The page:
Dabbling in REITS

Having suffered significant losses in blue-chip stocks in 2018 due to my ill-timed purchase of Singtel and Raffles Medical stocks in 2017, I was slightly reluctant to further invest in blue-chip stocks. Hence, I decided to turn to REITs or Real Estate Investment Trusts as they offer attractive dividends and relatively stable prices.

My only knowledge of REITs at that point of time was that a REIT collected rental income from tenants, and it distributed the income back to stockholders. However, I was unaware of the different types of REITs and the fact that a REIT was legally obliged to redistribute at least 90% of taxable income. By a stroke of luck, I chanced upon a review of Ascendas Reit on Motley Fool. Understanding it to be one of the most popular REIT in Singapore and with analysts providing buy recommendations, I decided to buy 1000 Ascendas REIT in March 2018 at a price of $2.60. With additional cash in my savings account, I decided to purchase 1000 stocks of Frasers Centrepoint REIT at a price of $2.17.

Fortunately for me, my investments in REITs were profitable as I sold Frasers Centrepoint at a price of $2.43 and Ascendas REIT at a price of $2.90 in May 2019. However, I was lucky to have bought the REITs when they were undervalued without having done my necessary research. Given that real money is at stake, I had decided at that point that my future investments would only be backed by thorough research and with a specific strategy in mind.

Beginning of my investment journey in stocks


In 2017, as my savings increased from a 3-digit sum to a 4-digit sum with the excess from my National Service allowance, I was not contented to let it lay inactive in my POSB Save-As-You-Earn account even though the interest rate was a relatively attractive 2% per annum. Hence, I decided to embark on my investment journey.

With my limited financial knowledge, the beginning of my investment journey was truly challenging. The economy was booming in 2017 and it seemed like it was the best time to start investing. Armed with the savings from my NS allowance, I decided to take the plunge and opened an account with DBS Vickers. Investing in unit trusts or saving bonds or even exchange-traded funds were out of the question for me as I wanted to actively monitor my investments and gain experience from my initial investments. My strategy then was simple but essentially non-existent: all that I intended to do was to purchase blue-chip stocks which were given “buy” recommendations from different sources such as investment analysts as well as investment blogs.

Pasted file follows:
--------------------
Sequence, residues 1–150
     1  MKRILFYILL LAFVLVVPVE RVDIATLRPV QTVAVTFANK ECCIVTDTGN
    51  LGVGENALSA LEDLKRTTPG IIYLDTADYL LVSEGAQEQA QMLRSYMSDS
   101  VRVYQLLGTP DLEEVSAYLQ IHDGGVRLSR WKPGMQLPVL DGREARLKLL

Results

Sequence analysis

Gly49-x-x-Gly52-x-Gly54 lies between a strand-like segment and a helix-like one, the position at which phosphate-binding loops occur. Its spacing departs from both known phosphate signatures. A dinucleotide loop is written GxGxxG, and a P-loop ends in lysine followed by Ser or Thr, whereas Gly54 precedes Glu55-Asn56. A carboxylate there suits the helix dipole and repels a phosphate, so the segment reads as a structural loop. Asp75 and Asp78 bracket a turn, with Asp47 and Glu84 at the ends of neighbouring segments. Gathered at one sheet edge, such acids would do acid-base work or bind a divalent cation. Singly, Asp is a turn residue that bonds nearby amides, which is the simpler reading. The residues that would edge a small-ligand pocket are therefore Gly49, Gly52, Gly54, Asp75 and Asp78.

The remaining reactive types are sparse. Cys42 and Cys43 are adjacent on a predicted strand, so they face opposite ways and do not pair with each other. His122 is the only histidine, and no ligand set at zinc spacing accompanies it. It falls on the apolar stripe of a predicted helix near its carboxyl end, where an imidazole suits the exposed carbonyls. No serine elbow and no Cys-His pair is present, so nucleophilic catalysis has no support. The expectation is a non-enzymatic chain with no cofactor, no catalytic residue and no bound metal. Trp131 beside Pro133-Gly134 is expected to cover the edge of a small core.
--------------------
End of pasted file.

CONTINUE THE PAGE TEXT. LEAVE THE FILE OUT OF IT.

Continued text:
Even though I understood the terms used in the reviews and recommendations from my basic economics knowledge, my limited financial knowledge meant that I did not appreciate the underlying assumptions made in the recommendations. I was unable to conduct my own analysis as well. However, I thought that investing in blue-chip stocks will be almost risk-free and suitable for a beginner like me.

First stock: Raffles Medical

The first stock that I decided to buy in July was Raffles Medical for a few reasons:

  1. It was a blue-chip stock
  2. It was in the healthcare industry which I thought had great potential for growth considering the increasing reliance on healthcare

It turned out to be a really poor investment. I purchased it at $1.38 in June 2017. Its price now is only about $1.03. However, the silver lining in the dark cloud is that the company’s fundamentals are still strong.

Second stock: Singtel

The first stock that I decided to buy in July was Singtel for a few reasons:

  1. It was a blue-chip stock
  2. It paid attractive dividends (~5.4%)
  3. Analysts were confident of its prospects
  4. Everyone of all ages seemed to be holding on to Singtel stocks.

At that time, Singtel’s price was $3.86 and it did not occur to me that it might have been too expensive. Hence, I decided to buy Singtel stocks. It turned out to be an unwise decision as the price plummeted to $2.90 in 2018 before recovering to a current price of about $3.20. Similar to Raffles Medical, the company’s fundamentals are still strong.

Lessons learnt:

1. It is important to invest with a strategy in mind. 

Investing without a clear and well-thought out strategy is akin to gambling.

2. Both fundamental and technical analysis of stocks is important.

My mistake was to completely neglect the technical aspect of investing and merely focus on the fundamental analysis. This was not practical, especially given the poor knowledge I had of a company’s financials at that time. Moreover, purely relying on fundamental analysis will not be effective in the short to mid term.